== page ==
Sony SMP-N100 review

John Archer

By

Reviewed:

Awards

  • Recommended by TR
Sony SMP-N100

Summary

Our Score:

8

User Score:

Pros

  • Caters for any age of TV
  • Nice interface
  • Excellent online service

Cons

  • The box looks rather utilitarian
  • Codec support not totally comprehensive
  • Only one USB port

Key Features

  • Set-top box to add network and online streaming to old TVs
  • Built-in wi-fi
  • Bravia Internet Video compatibility
  • USB multimedia playback
  • HDMI, component and even composite video outputs
  • Manufacturer: Sony
  • Review Price: £99.95

If 2011 is the year of the Smart TV, then it’s also the year people with TVs more than a couple of years old start to feel a bit hacked off. After all, while people buying new TVs can enjoy extra on-demand video streaming services, apps and even in some cases open Internet browsing on their gogglebox, people who invested in a TV before Smart TV fever took hold will be feeling left out in the cold.

Today, though, we’re looking at a neat little set-top box solution from Sony, the SMP-N100, which can turn even the most ancient of TVs - even CRT ones, for heaven’s sake! - into all-singing, all-dancing multimedia whizzkids.

Sony SMP-N100

One thing the N100 won’t do, though, is make your old TV look more glamorous. Its design is essentially one of those classic little metal ‘laboratory box’ jobs. Sony has tried to disguise the utilitarian nature of the bodywork by shoving a glass-like panel on its fascia, but frankly, they’re not fooling anyone. The best thing that can be said about the N100’s design is that it’s small, so you may be able to hide its drabness out of sight somewhere.

With this in mind, it’s perhaps a pity the N100 ships with an infra-red remote (which requires a line of sight) rather than an RF one. But then RF remotes are hardly common elsewhere in the streamer world, either.

At least the remote control is rather better designed than those found with many streamers, with an intuitive button layout and some decent size to it. It’s a relief to find we’re not expected to navigate the N100’s charms via some tiny, fiddly little ‘credit card’ remote that you’ll spend more time looking for down the back of the sofa than actually using.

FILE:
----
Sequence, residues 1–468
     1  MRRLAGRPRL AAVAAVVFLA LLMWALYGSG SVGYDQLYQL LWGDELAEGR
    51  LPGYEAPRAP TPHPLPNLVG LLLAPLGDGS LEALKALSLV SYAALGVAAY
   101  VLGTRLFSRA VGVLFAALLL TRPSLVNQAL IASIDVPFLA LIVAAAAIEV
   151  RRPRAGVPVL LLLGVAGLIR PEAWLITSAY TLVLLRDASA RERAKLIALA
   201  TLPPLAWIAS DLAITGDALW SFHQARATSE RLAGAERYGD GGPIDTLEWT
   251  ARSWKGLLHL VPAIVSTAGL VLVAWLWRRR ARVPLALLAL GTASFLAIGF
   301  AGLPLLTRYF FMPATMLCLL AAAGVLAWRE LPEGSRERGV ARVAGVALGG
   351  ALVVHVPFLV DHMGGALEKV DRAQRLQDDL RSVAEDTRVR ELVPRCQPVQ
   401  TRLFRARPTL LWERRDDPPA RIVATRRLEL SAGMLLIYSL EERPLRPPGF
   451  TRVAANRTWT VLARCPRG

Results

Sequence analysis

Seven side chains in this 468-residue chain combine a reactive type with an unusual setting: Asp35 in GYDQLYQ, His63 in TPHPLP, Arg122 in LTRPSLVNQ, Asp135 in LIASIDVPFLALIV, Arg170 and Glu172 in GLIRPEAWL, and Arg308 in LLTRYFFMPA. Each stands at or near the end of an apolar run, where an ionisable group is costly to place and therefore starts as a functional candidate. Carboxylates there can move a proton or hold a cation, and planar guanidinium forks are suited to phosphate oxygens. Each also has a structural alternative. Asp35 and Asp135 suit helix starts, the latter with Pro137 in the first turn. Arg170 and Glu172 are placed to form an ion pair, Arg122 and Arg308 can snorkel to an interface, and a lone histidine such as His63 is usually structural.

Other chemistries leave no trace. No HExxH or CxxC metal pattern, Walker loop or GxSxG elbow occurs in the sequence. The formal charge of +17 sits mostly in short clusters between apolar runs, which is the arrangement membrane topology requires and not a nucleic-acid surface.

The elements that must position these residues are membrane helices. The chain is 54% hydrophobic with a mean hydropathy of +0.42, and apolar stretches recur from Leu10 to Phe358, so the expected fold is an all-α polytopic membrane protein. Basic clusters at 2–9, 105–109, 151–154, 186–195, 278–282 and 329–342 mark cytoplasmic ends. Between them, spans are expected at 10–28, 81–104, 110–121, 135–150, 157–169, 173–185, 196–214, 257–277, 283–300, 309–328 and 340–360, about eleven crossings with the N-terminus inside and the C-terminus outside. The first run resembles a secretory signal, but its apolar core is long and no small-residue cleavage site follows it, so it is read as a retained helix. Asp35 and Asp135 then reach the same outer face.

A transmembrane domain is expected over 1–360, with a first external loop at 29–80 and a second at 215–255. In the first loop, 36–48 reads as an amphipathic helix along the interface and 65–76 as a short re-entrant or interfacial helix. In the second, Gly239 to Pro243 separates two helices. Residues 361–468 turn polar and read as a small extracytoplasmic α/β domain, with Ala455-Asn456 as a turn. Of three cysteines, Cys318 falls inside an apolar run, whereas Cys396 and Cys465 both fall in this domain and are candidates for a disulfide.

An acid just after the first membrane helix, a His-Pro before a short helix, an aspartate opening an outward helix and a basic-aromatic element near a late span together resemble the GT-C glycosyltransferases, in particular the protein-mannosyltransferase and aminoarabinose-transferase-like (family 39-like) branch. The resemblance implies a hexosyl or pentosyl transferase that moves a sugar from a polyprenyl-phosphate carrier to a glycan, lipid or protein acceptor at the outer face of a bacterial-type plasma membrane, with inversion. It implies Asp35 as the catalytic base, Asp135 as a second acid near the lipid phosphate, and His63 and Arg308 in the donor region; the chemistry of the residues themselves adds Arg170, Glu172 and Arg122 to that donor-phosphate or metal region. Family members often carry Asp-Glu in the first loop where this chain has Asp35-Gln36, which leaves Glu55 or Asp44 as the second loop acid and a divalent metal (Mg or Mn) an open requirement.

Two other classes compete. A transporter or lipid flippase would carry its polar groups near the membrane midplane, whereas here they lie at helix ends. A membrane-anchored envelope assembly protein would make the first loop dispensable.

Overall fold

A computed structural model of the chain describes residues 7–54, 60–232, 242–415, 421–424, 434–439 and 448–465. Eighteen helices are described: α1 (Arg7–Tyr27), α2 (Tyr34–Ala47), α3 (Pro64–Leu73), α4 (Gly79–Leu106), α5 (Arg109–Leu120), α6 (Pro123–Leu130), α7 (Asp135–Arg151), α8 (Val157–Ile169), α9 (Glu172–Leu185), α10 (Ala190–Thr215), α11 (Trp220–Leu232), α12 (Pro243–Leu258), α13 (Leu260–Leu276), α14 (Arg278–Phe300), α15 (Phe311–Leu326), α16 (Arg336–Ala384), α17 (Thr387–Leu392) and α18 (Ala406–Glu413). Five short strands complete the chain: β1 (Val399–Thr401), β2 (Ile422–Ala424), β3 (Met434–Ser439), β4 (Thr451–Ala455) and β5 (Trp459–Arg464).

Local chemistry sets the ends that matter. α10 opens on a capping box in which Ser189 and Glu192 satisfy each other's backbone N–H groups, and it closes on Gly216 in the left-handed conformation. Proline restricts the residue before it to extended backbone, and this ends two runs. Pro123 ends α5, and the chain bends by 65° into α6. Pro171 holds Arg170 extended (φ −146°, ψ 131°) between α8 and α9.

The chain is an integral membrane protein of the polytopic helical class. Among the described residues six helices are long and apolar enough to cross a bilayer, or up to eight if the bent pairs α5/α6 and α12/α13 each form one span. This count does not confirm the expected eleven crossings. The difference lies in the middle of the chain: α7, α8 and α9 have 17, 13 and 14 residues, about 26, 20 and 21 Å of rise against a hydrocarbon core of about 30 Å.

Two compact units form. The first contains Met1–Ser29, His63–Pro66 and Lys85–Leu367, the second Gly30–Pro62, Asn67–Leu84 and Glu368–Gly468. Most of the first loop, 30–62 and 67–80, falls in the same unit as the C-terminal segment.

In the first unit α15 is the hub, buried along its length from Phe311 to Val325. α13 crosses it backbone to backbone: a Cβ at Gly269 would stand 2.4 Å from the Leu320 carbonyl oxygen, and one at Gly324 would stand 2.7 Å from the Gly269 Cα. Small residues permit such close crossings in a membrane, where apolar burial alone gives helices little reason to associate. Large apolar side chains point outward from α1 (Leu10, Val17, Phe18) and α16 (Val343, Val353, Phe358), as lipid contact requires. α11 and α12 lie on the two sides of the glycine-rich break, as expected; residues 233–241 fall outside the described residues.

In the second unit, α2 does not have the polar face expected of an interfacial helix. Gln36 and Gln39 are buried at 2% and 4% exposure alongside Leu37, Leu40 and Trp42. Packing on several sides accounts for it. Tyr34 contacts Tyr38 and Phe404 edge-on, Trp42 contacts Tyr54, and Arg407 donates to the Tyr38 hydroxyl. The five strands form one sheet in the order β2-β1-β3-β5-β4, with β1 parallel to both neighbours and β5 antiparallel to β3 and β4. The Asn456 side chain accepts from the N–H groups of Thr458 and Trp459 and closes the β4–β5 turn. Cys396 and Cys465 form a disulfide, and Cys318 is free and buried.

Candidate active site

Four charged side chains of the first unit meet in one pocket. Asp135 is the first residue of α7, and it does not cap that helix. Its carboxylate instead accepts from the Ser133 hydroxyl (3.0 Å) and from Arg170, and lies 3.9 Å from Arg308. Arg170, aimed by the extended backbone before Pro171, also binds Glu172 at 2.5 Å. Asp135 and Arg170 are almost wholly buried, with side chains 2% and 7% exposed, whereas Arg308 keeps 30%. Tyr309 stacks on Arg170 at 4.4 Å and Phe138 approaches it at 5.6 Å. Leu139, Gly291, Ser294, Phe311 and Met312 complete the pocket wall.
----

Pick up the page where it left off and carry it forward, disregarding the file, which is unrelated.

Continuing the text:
The N100’s connections are interesting because of the varied output options they include. Most people reading this site will probably go for the HDMI output, but there’s also a component option and even a composite video option. While we would never recommend a composite connection where anything else is available, the composite feed on the N100 is actually very important, since it enables the box to hook up to just about any TV ever made.

Castalan

May 27, 2011, 2:18 am

Bought one of these at Christmas as Amazon were selling them back then for not much more. Completely agree with the review - windows7 media player playback to the smp-n100 works flawlessly - it's positioned in the bedroom on a 4 year old Sony lcd - and despite the distance form the wireless router, once it has buffered the video stream works extremely well - the BBC iPlayer content is available in HD - but either SD or HD quality are just like watching normal TV on a 22inch.

I just wish they would provide 4OD as well - fingers crossed it comes soon - but overall i love it - and love how it gave a TV which still has a great picture another lease of life with streamed content.

Hamish Campbell

May 27, 2011, 11:33 am

Glad I read through to the verdict, so that I didn't make an arse of myself suggesting that a Sony blu-ray player might be a better option.

Of course to get wifi you'd need the BDP-570 (or newer 580) and this costs a bit more than the 470.

noncorporeal

May 28, 2011, 2:39 am

The BDP-570 is a very nice piece of kit. I use one with a Samsung 51" LED, they work well together. I'd consider this for the mater bedroom 37" Vizio.

comments powered by Disqus